Jujina sweeps the area in front of her home. In the past, her home was multi-generational and full of family. You could see the chain of life. Post-conflict, they have all gone - some killed, some abducted, others have left and not returned. She feels she lost everything in the conflict, and is coping with very little assistance. And yet, she indicates, you have to live.
She lives alone with her husband, both in their late 70s. Rather than resting together as companions in their old age, or taking care of grandchildren, she is alone to take care of the home and grow food.
Jujina on her way home from the fields.
It is extremely rare for Jujina to bump into neighbours. There is not only physical distance and lack of youth in her home, but a broader breakdown in social well-being. As though a tree has been cut, and needs to find a new way to grow.
It is a solitary life full of hard work. Jujina cares for her husband and must fend for herself.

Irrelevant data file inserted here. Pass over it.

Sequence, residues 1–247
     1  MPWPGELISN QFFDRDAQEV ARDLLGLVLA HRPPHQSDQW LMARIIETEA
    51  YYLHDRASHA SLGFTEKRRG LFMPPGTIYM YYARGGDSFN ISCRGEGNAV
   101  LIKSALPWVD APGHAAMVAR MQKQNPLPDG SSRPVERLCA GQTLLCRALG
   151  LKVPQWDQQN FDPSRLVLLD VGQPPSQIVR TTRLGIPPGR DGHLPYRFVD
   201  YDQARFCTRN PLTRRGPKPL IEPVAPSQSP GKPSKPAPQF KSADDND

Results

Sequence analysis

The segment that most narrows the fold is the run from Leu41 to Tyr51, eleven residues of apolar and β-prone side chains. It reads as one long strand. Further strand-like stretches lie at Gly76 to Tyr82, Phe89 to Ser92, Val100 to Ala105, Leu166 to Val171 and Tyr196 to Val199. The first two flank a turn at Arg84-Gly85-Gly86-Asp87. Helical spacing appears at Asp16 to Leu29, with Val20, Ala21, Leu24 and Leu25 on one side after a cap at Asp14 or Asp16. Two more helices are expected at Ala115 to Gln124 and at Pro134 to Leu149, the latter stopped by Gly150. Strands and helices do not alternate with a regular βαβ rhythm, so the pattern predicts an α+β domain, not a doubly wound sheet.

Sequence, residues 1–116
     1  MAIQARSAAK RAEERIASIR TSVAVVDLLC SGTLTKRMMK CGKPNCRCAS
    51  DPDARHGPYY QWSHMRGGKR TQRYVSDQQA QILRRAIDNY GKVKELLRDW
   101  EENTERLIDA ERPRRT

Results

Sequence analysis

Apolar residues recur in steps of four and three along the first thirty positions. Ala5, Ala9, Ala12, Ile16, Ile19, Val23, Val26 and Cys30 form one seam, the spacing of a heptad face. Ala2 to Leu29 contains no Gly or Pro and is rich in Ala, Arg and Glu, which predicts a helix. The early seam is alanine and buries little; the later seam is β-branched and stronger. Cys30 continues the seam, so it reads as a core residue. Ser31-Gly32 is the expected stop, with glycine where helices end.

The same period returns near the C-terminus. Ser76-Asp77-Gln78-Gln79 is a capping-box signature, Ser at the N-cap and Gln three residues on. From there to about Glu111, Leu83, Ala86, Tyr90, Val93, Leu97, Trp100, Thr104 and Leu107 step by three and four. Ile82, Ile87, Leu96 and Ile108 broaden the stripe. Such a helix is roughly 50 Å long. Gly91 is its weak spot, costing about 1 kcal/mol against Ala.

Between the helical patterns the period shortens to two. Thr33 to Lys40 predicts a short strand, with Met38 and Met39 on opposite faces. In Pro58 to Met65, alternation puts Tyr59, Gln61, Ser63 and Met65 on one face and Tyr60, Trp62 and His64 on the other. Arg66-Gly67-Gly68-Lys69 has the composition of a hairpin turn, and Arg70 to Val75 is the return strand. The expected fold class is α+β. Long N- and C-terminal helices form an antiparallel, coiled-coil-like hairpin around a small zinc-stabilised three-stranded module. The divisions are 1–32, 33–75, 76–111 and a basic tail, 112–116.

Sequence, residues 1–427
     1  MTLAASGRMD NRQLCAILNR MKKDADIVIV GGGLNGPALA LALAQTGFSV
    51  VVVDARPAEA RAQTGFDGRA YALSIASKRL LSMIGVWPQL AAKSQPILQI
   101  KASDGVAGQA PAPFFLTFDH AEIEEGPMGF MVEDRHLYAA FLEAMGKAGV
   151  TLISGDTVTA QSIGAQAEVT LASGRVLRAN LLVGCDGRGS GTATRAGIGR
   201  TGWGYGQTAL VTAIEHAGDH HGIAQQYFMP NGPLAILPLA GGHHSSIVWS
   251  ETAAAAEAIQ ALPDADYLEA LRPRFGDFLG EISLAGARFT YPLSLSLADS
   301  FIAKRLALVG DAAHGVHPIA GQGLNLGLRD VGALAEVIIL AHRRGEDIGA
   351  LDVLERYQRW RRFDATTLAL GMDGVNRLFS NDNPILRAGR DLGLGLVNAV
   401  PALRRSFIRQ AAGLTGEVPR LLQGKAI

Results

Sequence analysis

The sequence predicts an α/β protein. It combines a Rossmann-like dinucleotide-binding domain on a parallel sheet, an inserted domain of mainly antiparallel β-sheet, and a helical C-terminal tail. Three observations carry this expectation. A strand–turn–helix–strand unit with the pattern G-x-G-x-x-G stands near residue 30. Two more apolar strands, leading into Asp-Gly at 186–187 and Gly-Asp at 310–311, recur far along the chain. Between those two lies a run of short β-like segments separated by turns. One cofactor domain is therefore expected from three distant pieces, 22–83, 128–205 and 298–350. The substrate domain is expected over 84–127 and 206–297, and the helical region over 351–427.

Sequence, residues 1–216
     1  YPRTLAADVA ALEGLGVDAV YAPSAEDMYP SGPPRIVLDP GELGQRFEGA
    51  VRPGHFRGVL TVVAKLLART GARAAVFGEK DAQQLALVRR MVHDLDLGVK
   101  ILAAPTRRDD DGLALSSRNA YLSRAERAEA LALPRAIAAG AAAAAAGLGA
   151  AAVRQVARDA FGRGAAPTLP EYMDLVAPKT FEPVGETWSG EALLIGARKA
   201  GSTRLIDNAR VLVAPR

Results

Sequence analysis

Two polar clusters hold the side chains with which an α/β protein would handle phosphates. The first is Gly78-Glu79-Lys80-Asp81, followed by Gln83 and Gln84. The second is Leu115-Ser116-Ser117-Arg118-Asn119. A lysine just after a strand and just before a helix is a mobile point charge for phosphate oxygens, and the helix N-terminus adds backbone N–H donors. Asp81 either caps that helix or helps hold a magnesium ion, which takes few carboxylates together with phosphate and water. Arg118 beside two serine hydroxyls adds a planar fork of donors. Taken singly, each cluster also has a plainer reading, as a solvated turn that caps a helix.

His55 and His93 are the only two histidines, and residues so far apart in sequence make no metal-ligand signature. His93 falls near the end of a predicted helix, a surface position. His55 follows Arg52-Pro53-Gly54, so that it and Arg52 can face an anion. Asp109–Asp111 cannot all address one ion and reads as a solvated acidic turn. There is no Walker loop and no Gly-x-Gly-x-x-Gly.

But her path will cross at times with others, and her isolation is broken on her Sunday visits to church.
Jujina peels cassava she grew, harvested and carried home herself.
A portrait of Jujina, approximately 77. Though she works hard and must remain strong, she knows she is growing fragile now.
Jujina prepares dinner for two. She imagines children singing, playing, sitting around the fireplace. Youth to care for and give guidance to as they grow into adulthood. Young adults to be there in case she needs care. Instead, she lives in solitude.

Photo: Pete Muller for the ICC #LifeAfterConflict